Why parts of Canada are seeing the northern lights more often and farther south
TORONTO -- The elusive northern lights have suddenly become easier to see in southern parts of Canada's Prairies thanks to what experts are saying is an increase in solar activity.
After being at a standstill for several years, astronomers say the aurora borealis is lighting up the sky more frequently amid the sun's current solar cycle.
Scott Young, a planetarium astronomer at the Manitoba Museum, told CTV National News that the northern lights are currently more active than they have been in the last decade.
"Most people have not seen northern lights in quite a while. All of sudden the sun has started to pick up its game. We are getting more solar storms, more activity and that's translating into more northern lights," Young said.
Young says the sun controls the auroras as solar wind creates the light show.
He explained that the current 11-year solar cycle has stalled in its last phase, which makes for northern lights that are more frequent and visible farther south.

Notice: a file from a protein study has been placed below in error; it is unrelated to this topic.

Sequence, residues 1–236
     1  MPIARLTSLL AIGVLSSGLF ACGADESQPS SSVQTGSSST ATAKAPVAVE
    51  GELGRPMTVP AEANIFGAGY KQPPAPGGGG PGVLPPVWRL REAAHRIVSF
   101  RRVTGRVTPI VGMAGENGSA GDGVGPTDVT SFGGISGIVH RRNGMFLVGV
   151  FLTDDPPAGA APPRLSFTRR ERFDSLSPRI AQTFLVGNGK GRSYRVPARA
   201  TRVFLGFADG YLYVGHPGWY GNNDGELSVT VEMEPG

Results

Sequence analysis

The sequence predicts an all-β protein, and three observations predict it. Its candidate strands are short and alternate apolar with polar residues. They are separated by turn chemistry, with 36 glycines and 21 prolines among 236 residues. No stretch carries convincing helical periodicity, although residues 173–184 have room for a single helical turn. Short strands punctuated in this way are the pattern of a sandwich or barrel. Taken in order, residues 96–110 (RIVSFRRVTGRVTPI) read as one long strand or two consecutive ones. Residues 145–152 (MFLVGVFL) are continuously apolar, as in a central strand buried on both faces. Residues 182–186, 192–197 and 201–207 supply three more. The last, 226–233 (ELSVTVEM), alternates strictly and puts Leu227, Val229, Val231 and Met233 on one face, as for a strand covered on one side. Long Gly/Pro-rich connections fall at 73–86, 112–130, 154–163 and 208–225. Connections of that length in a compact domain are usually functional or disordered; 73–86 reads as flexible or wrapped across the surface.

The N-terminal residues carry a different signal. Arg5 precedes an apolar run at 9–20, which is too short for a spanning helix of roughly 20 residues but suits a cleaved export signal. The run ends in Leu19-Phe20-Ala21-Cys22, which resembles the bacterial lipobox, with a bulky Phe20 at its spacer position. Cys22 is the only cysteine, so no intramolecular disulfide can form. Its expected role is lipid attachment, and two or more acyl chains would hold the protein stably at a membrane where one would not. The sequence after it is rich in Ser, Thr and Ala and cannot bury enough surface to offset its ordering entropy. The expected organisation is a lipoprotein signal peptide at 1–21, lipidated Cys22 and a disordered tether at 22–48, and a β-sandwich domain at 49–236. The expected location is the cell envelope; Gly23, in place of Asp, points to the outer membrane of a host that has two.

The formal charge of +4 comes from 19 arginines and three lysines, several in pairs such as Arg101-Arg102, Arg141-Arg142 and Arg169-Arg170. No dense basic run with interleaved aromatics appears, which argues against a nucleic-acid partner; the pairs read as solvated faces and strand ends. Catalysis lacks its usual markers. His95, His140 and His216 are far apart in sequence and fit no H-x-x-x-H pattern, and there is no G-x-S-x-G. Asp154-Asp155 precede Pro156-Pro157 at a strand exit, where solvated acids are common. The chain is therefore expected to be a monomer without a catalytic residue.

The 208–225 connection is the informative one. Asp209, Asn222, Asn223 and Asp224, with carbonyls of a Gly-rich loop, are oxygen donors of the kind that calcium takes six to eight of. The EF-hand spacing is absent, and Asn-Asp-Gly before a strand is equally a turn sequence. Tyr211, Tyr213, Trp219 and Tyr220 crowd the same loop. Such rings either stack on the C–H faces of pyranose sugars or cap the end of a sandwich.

Photographers in Winnipeg started to notice the change over the past two months, being able to capture stunning photos of the lights just outside city limits.
Justin Anderson first photographed the northern lights four years ago, but he says his most spectacular images were taken this year.
"It's an incredible experience to see them dancing overhead or even on the horizon and seeing these pillars going up and being able to share that with other people," Anderson said.
However, those in Manitoba hoping to capture a photo of the dancing lights don't need to be a professional.
Photographers say the lights are bright enough that any regular camera or even a cell phone will do, but sky watchers may want to catch a glimpse of the lights soon.
While the northern lights are expected to remain visible in the south for a few more months, astronomers say they won't be this bright until solar activity heats up again in 2025.